Sep 16, 1989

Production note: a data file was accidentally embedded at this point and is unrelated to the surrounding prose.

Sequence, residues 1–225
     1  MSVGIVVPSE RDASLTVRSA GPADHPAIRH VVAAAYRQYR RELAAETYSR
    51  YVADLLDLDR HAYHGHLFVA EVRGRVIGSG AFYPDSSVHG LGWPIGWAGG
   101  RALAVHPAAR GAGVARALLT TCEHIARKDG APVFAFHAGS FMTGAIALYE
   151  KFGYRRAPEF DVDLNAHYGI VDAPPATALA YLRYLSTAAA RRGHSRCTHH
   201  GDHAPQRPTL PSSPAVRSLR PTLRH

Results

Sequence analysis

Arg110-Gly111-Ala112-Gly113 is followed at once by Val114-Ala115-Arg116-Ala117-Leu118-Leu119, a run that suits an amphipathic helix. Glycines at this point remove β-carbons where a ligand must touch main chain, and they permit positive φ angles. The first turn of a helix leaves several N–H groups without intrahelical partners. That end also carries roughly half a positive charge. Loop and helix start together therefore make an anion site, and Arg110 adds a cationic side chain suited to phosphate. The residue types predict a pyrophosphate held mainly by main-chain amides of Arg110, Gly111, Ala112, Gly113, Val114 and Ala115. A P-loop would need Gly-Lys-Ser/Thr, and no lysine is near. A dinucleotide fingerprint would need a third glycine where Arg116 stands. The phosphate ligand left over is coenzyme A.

INDIA REJECTS U.S. EFFORTS TO WRITE INVESTMENT RULES IN GATT.GENEVA, SEPTEMBER 15 (BY CHAKRAVARTHI RAGHAVAN) – India has firmly spurned the efforts of the U.S., Japan, the EEC and other industrialised countries (ICS) to write rules in the GATT that would restrict rights of host governments to regulate foreign investments and expand the rights of TNCS. In a comprehensive paper on "Trade-Related Investment Measures" (TRIMS) presented to the negotiating group Thursday, the Indian special Secretary in the Commerce Ministry and Chief Negotiator for the Uruguay round, A. V. Ganesan, made clear that only adverse trade "effects" of investment measures could be tackled in the Uruguay round and not investment measures per se. Even where there were adverse effects as a result of investment measures put in place by third world countries for developmental considerations, any new GATT provisions would have to provide third world countries considerable flexibility. Also, Ganesan said, any new GATT rules would have to tackle both adverse trade effects arising out of governments-mandated measures as well as those undertaken by the foreign investors and transnational corporations. The Indian paper is the most comprehensive position paper setting out the Indian views in this negotiating area, and follows a similar one on "Trade-Related Intellectual Property Rights" (TRIPS) presented in July. Ganesan told a news conference Thursday evening that India would also be putting forward soon a comprehensive paper or papers on "Trade in Services". While reflecting Indian views and concerns, all the papers he said also took account the general concerns of other third world countries and sought to reflect them also. India, Ganesan said, was interested in the successful outcome of the Uruguay round in order to correct the present imbalances in the trading system. There were basic differences in the approach of India on these issues from that of the leading industrial countries. India’s major interest lay in textiles and clothing, agriculture, and to some extent in tropical products, in "safeguards" where India wanted a comprehensive agreement based on non-discrimination, and generally in issues of access to markets in industrial countries for manufactured exports. Ganesan and the Indian delegate to GATT, Amb. B. K. Zutshi, denied there had been any softening in India’s positions because of the U.S. actions and threats under S. 301, and reiterated the Indian position, which they noted, had been repeatedly made clear in the GATT Council and Uruguay round bodies. Both said in their meetings here, which were plurilateral and mostly to TRIMS and Uruguay round issues, with U.S. trade representative, Mrs. Carla Hills, they had not discussed 301. India had made clear it would not discuss or negotiate bilaterally with the U.S. Asked about the position of the U.S. that the TRIMS Group could not discuss the restrictive business practices (RBPS) of TNCS, since the mandate did not extend to it, Ganesan said that while there was no agreement at Punta del Este to deal with the general issue of RBPS, it was impossible to deal with effects of government-mandated investment measures without dealing with those of TNCS. Similarly, patent rights could not be dealt without dealing without restrictive practices of holders of such rights. In every industrial country, the patent legislation itself contained provisions against abuse, as a part from general competition laws. All these were two sides of the same coin, he said. The TRIMS group is continuing Friday its consideration of various papers presented to it.